When someone begins acting strangely out of character it’s easy to suspect the worst. Certainly in the movies anytime someone starts going out in the evenings with some vague explanation of where they’re heading the spouse or significant other will begin to suspect that person is having an affair or engaging in some sort of shady activity. About half the time, then, the eventual explanation is that they’re taking acting classes, are taking classes to convert to their loved one’s religion or is some sort of other wonderful surprise. The other half of the time Sonny comes and beats the snot out of them for treating his sister like garbage.

The new movie from acclaimed filmmaker Woody Allen, Midnight in Paris, is about how some unexplained outings begin to come between an engaged couple. Gil (Owen Wilson) and Inez (Rachel McAdams) are accompanying her parents on a trip to Paris. While there they run into some casual acquaintances, including Paul (Michael Sheen) that Gil’s not to keen on spending time with. So he goes off walking through the city at night, only to happen upon a magical part of the city that transports him back in time to the era of flappers and underground jazz clubs, something he enjoys so much he begins to focus on visiting it – specifically the lovely Adrienne (Marion Cotillard) – even during the day.

The Posters

The first poster for the movie was pretty simple but suitably artistic, showing Vaughn walking along a Parisian river. But the image behind him wasn’t just a photo of the city but was instead a slightly modified version of Van Gogh’s painting “Starry Night.” You know the one. You or your roommate probably had it hanging in your dorm room. So it’s goal is seemingly to establish both the location and the idea of Vaughn’s character as some sort of lone artistic wolf, which it does pretty well.

The Trailers

The movie’s trailer starts out by introducing us to both the main characters and the setting. We see Wilson and McAdams strolling through Paris, which they’re visiting with her parents. They run into another couple they know, people she likes but which he can’t stand. So he decides to take his own little constitutionals at night and discovers a whole other side of Paris filled with dancing, music and unbridled romance. He seems to become intrigued with one young woman and soon begins sneaking off on his own every night to revisit this other world, soon raising the suspicions of his fiancee and future in-laws.

It’s unmistakably Allen on display here, something that’s apparent in the rhythms of the dialogue and even the theme of being completely in love with a city, something he revisits often in his movies. The combination of Wilson and McAdams seems interesting and for fans of the writer/director this will probably remind them of some of his earlier works, just transplanted to Paris.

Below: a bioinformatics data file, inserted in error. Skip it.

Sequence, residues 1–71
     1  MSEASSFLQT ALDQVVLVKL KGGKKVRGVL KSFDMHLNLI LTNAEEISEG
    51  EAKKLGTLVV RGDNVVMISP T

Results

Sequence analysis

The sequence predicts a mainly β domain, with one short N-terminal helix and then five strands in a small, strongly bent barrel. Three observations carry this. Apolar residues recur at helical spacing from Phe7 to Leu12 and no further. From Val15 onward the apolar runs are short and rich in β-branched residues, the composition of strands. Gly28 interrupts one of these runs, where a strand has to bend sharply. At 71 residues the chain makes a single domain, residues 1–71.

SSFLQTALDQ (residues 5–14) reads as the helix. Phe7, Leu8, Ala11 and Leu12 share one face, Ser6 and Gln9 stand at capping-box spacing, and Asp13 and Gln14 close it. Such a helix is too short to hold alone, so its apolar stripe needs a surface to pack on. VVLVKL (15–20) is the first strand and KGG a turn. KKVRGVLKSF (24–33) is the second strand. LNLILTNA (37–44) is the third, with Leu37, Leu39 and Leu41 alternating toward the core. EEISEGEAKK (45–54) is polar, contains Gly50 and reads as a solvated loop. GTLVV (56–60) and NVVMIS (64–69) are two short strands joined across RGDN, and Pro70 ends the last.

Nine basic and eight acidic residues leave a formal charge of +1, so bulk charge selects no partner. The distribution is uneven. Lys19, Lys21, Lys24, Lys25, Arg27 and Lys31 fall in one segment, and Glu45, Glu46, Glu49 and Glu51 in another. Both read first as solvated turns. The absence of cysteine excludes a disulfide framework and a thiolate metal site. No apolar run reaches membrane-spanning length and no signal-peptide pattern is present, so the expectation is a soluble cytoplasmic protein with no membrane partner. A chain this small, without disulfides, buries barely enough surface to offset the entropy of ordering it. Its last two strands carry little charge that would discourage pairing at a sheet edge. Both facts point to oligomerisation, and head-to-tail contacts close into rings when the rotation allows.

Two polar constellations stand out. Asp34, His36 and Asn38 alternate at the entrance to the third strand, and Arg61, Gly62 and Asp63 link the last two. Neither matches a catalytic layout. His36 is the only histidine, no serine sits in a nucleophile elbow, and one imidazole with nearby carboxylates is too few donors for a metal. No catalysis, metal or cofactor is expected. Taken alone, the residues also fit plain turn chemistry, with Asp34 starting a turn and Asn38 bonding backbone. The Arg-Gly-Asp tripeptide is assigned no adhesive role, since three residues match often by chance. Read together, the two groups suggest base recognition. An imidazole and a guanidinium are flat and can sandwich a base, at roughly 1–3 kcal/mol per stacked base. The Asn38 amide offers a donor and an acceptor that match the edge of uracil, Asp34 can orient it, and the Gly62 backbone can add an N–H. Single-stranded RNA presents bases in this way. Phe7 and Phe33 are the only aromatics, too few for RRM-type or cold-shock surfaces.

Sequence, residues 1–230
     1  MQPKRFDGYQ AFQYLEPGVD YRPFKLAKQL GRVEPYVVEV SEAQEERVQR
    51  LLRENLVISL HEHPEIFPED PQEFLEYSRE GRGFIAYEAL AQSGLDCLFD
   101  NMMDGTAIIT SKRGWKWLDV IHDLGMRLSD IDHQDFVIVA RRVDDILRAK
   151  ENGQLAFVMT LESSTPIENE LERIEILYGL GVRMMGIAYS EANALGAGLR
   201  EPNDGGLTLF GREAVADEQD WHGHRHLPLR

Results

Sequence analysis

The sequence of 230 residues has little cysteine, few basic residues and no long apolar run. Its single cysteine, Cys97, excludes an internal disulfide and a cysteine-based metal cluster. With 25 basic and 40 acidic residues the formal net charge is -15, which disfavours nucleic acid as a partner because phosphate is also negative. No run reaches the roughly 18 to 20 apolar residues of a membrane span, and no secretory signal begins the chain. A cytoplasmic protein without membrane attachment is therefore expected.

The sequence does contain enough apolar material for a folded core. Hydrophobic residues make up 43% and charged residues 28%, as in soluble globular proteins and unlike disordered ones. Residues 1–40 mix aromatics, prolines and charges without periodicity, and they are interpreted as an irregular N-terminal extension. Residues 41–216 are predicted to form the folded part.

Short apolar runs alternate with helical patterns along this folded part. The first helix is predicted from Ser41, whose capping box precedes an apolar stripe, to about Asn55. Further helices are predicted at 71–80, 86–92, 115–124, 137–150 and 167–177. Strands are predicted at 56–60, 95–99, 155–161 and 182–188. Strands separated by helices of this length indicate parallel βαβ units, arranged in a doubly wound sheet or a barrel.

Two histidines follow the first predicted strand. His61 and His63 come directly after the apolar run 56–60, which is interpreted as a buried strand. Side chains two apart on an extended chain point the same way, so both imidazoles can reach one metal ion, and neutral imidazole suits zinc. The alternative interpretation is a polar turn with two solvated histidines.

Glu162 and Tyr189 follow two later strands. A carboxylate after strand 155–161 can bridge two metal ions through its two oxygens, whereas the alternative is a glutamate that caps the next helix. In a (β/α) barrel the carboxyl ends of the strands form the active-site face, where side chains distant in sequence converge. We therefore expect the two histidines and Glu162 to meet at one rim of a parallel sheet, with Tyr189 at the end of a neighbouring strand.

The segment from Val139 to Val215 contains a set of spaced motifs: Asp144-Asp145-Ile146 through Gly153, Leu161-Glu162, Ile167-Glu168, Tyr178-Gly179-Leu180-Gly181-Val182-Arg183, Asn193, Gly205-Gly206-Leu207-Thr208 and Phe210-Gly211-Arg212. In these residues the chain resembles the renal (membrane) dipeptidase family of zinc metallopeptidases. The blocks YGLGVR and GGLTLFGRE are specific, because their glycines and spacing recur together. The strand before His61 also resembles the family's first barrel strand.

The official website starts playing the trailer after it loads and you can close it and then enter the site proper.

The “Synopsis” that’s up first just has a brief one-paragraph write-up of the story. If you want more information the notes in the “Production” section give much more background into that story and all the players and characters in it.

Both “The Cast” and “Fllmmakers” sections give backgrounds and varying levels of histories about the folks involved in the making of the movie.

“The Trailer” has the trailer, of course, and the “Gallery” has 15 stills from the movie.

The “Reviews” section is still blank despite there already being some reviews that have been posted while “Links” has links to the IMDb profiles of the talent involved.

The movie’s Facebook page has updates on new marketing materials, cast publicity, photos and videos and more.

Advertising and Cross-Promotions

I think there may have been a bit of online advertising done but that’s about it. I didn’t see nor have I heard of any TV spots being run or anything else along these lines.

Media and Publicity

The first bit of publicity and news for the movie came when it was announced that Sony Classics had picked up distribution for the movie. Shortly after that the movie was slated to make its debut at the 2011 Cannes Film Festival (Hollywood Reporter, 2/2/11) where it would open the festival as a first-ever screening for both professionals and the public and where it would be greeted with pretty favorable reactions as some people hailed it as his most assured and fully-featured movie in a decade or more.

There were also features on Wilson and how this role allowed him to stretch a bit (USA Today, 5/16/11) at the behest of Allen. There were surprisingly few career reassessments of Allen himself, though, despite this usually being a staple of the press since it’s easy to dig up whatever someone wrote last year and just update it with the new movie’s title.


The campaigns for Woody Allen’s movies tend to not work too hard, kind of like the movies themselves. They’re made primarily for fans of his previous movies and film critics, with any additional folks more or less a bonus.

That being said there’s a lot to like here. The poster is quite attractive and the trailer shows a nice, bubbly and entertaining movie here that should bring in some people who are fans of either Wilson or McAdams and romantic comedies in general. It’s funny and interesting while not betraying too much of the movie’s actual plot.


  • 07/07/11 – Patrick Goldstein at the LAT looks at some specifics about how the studio appealed to mainstream moviegoers to build some anticipation outside of Allen’s usual audiences.